Embed Monitoring in your iOS App with the Aternity iOS SDK

To add monitoring to your iOS app, integrate the Aternity iOS Mobile SDK into the app, and then initialize and perform common monitoring tasks with the API. A monitored mobile app is a regular iOS or Android app which has Aternity's monitoring functionality inside, enabling it to report performance statistics like launch times, errors, crashes, network traffic, and also custom activities performance, and some surrounding data on the underlying mobile device and user. With the Mobile SDK you can insert API calls to fine-tune the monitoring, by dynamically setting properties (like the device name, location), or tag events for use in some types of custom activities, or you can use APIs to report breadcrumbs for later troubleshooting of crashes.

Using the API to monitor your mobile app

This control allows you to introduce your own logic to these features, so for example, your app can report a certain location only when it can access a particular IP address.

To use the Aternity iOS SDK in your app, follow this procedure.

Before you begin

Ensure your app compiles and builds cleanly with no errors, and runs on a simulator or a mobile device.

Before embedding Aternity's monitoring into an iOS mobile app, verify your Mac conforms to the following minimum system requirements (Aternity iOS Wrapper and Aternity iOS Mobile SDK):

Attribute Requirement (iOS Wrapper and Aternity iOS SDK)

Operating system

Mac OS X 10.10 or later.

Java Developer Kit

JDK 1.8 or later.

Programming environment

Apple XCode 7 or newer.


Internet access.

App resource usage

When you add Aternity functionality to an iOS app:

  • Disk storage size increases by 3.3MB.

  • RAM size is an extra 5-10MB.

  • CPU usage rises by 1%.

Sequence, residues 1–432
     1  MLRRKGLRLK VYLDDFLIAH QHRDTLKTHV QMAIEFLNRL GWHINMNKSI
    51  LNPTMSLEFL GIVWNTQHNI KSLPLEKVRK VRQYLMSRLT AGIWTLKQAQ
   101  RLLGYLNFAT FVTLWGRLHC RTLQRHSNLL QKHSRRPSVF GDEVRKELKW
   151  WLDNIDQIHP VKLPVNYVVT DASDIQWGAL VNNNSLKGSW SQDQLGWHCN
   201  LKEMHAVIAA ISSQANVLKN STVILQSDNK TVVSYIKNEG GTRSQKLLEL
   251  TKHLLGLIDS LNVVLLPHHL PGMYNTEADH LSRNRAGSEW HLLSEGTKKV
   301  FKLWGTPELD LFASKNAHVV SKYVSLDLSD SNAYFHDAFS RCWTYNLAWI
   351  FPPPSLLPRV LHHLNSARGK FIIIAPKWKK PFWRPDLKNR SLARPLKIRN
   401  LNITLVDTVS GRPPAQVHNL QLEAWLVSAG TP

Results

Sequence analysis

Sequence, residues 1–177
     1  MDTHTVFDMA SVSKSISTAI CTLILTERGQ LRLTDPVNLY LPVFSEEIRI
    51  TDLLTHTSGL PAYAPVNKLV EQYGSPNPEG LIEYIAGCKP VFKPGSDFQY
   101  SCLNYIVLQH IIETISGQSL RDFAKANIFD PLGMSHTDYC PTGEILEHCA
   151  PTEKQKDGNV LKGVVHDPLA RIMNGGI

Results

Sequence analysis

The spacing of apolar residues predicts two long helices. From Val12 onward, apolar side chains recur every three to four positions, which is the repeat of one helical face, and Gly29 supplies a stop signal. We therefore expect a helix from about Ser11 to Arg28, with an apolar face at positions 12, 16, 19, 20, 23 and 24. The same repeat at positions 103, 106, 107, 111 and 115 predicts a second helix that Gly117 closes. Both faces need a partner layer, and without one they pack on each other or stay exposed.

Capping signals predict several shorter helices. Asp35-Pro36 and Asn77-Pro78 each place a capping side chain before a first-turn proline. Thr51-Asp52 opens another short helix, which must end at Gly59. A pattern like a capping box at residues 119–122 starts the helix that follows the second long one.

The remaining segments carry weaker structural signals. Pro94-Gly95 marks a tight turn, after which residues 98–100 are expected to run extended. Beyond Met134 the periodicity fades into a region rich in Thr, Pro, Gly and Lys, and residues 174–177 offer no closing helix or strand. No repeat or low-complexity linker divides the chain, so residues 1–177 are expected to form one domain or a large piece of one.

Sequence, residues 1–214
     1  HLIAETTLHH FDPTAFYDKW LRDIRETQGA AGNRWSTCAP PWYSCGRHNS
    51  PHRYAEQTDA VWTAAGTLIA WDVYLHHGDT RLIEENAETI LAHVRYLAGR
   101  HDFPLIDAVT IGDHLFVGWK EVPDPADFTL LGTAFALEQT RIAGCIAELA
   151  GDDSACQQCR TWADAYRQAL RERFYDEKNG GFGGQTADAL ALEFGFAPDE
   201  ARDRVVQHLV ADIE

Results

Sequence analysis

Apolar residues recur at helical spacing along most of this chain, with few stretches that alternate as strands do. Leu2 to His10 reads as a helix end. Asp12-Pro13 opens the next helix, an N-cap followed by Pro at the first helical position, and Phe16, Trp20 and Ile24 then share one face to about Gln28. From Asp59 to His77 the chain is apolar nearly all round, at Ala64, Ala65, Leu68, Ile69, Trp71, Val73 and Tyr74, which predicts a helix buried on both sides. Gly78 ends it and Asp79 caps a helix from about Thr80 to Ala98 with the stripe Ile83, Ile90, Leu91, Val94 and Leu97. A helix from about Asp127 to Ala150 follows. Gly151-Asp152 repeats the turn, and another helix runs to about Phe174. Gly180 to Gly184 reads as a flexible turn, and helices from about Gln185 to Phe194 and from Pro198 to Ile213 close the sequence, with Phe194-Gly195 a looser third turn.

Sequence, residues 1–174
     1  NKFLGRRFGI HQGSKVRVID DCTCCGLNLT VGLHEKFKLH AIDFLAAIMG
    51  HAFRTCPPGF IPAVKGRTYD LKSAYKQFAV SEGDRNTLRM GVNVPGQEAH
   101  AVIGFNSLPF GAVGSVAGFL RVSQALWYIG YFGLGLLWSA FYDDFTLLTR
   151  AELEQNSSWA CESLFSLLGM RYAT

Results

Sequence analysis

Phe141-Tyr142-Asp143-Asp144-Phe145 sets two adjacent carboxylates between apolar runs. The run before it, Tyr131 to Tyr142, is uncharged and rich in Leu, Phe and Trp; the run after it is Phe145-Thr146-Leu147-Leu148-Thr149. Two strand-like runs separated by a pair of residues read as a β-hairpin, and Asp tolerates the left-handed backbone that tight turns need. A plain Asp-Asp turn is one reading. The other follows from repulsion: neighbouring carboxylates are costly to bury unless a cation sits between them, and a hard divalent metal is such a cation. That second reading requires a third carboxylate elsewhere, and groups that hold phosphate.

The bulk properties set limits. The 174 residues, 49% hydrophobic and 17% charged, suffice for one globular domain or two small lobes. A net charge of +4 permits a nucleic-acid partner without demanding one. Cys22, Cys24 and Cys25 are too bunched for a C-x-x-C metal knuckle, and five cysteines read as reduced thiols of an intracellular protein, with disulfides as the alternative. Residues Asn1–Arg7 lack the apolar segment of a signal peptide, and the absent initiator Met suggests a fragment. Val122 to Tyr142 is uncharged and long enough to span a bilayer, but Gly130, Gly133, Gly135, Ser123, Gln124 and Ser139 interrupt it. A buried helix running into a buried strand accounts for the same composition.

To run a monitored app, the device must have the following operating systems:

Attribute Requirement

iOS operating system of monitored device

iOS 10 or later.

Android operating system of monitored device

Android 4.4 or later.


  1. Step 1 Download Aternity Mobile from the Riverbed support site.

    To add monitoring to a mobile app, you must embed Aternity's monitoring into the app itself, before it is encrypted. This automatically starts reporting a wealth of performance and usage data by default.

    Download Aternity Mobile
  2. Step 2 Integrate the Aternity iOS Mobile SDK into your app development environment.
    Embed monitoring to an iOS app using the Aternity iOS Mobile SDK
  3. Step 3 Initialize the Aternity iOS SDK.
    Initialize the IOS SDK

    You can initialize either explicitly with one of the init functions, or automatically by adding the Aternity.plist file to your Xcode project. You create a single Aternity object when the SDK initializes, and use it throughout the app to call API functions. For details, see Initialize the Aternity iOS Mobile SDK Manually (activateWithDictionary).

  4. Step 4 Include the Aternity.h header file (in Objective-C) into your source code file. To add it to a Swift project, use a bridging header (see Apple's documentation).
    Include the Aternity header file in any code with an API call